By Shawn McMullen
Born in London in 1615, the Puritan Richard Baxter entered the ministry at the age of 26. He spent his early ministry years as an army chaplain, and the next 14 years (1647-1661) ministering with a church in Kidderminster, Worcestershire, England. Baxter had a passion for preaching. (He’s well known for his maxim, “I preached as never sure to preach again; and as a dying man to dying men.”) He also had a passion for souls—every soul in his community, in fact.
Kidderminster was a notoriously corrupt community and Baxter had his work cut out for him. Nevertheless, this small community was dramatically transformed during Baxter’s ministry.
In an article titled “Prayer Makes History,” David Smithers notes, “When Baxter arrived in Kidderminster it had a population of about 3,000 weavers who were reckless, ungodly, and content to remain that way. By the end of Baxter’s stay, the entire community was miraculously transformed by the power of the Holy Spirit.”
Writer Leonard Ravenhill observed,
The outcome of this contagious passion is best measured by Baxter’s own words: “To the praise of my gracious Master . . . the church at Kidderminster became so full on the Lord’s Day that we had to build galleries to contain all the people. Our weekday meetings also were always full. On the Lord’s Day all disorder became quite banished out of the town. As you passed along the streets on the Sabbath morning, you might hear a hundred households singing psalms at their family worship. In a word, when I came to Kidderminster, there was only about one family in a whole street that worshipped God and called upon His name. When I left, there were some streets where not a family did not do so.”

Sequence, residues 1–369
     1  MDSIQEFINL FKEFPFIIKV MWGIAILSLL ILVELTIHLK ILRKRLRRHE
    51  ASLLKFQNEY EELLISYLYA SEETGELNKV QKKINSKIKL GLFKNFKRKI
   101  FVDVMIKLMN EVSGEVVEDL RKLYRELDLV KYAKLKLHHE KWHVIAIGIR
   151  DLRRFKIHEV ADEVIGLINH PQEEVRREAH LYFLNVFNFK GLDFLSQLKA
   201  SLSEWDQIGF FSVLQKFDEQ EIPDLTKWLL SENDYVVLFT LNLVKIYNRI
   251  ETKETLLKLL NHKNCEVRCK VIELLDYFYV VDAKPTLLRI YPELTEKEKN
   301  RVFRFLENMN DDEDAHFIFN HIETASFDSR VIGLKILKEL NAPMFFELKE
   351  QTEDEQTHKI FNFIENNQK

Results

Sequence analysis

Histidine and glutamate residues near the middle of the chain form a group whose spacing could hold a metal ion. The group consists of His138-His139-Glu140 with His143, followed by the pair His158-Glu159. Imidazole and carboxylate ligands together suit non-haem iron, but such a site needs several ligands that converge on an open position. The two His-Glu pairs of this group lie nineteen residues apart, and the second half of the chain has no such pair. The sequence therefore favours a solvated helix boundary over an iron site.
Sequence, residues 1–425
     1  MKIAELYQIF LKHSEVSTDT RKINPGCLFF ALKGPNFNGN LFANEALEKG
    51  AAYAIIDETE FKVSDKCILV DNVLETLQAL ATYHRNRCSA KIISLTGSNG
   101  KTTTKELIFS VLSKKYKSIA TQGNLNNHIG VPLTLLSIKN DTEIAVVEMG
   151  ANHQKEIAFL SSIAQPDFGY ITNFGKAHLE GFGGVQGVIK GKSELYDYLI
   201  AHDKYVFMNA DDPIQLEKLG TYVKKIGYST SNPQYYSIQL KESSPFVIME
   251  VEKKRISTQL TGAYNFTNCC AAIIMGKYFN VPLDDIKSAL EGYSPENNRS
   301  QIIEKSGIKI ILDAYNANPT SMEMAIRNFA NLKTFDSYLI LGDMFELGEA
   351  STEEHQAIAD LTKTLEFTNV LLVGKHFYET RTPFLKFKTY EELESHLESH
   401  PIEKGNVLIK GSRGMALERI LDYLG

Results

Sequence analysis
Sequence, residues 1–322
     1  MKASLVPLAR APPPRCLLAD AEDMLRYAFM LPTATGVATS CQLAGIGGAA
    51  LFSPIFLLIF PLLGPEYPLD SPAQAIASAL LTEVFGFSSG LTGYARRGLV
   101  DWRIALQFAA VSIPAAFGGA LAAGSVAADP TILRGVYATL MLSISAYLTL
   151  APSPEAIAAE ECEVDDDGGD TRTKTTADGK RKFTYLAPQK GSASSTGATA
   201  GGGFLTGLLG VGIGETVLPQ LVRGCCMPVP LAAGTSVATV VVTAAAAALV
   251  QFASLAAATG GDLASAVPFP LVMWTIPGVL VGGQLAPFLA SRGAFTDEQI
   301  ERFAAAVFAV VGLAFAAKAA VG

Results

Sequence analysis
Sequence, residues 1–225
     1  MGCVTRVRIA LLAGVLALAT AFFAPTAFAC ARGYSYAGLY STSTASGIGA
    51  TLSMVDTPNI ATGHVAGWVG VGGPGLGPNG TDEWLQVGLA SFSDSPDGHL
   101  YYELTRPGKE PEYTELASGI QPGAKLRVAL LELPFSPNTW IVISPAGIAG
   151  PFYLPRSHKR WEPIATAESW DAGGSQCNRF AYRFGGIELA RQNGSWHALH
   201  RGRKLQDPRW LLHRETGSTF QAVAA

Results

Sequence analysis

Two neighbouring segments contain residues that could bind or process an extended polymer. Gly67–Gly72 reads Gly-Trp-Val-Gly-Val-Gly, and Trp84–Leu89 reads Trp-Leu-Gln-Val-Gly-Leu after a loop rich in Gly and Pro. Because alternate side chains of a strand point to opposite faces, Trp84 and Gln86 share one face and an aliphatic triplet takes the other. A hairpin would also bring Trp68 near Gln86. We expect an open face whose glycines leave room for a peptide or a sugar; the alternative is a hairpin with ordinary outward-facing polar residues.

Ravenhill adds, “As one writer expresses with beauty, ‘Through his preaching and the power of his holy life, the whole community was changed from a habitation of cruelty and immorality to a garden of true piety.’”
What does the ministry of a 17th century Puritan preacher have to do with the 21st century church? It provides a model for what can happen when we give ourselves wholly to God and wholly to the communities we serve. If God transformed an entire community 350 years ago through the ministry of a single congregation, he can certainly do the same today. It begins by embracing a simple idea—that God has placed your church in your community to transform it for his glory.
Jesus told a parable about the impact of his kingdom on the world: “The kingdom of heaven is like yeast that a woman took and mixed into a large amount of flour until it worked all through the dough” (Matthew 13:33, NIV 1984). Christ’s plan for his kingdom (and thus the local church) is to act like yeast in dough—quietly and steadily permeating its environment until everything around it is affected.
Churches that reach into their communities with the love of Christ and the transforming power of the gospel are the yeast in Jesus’ parable. It’s a standard we should all rise to.
This material is adapted from Unleashing the Potential of the Smaller Church by Shawn McMullen (Standard Publishing, 2006).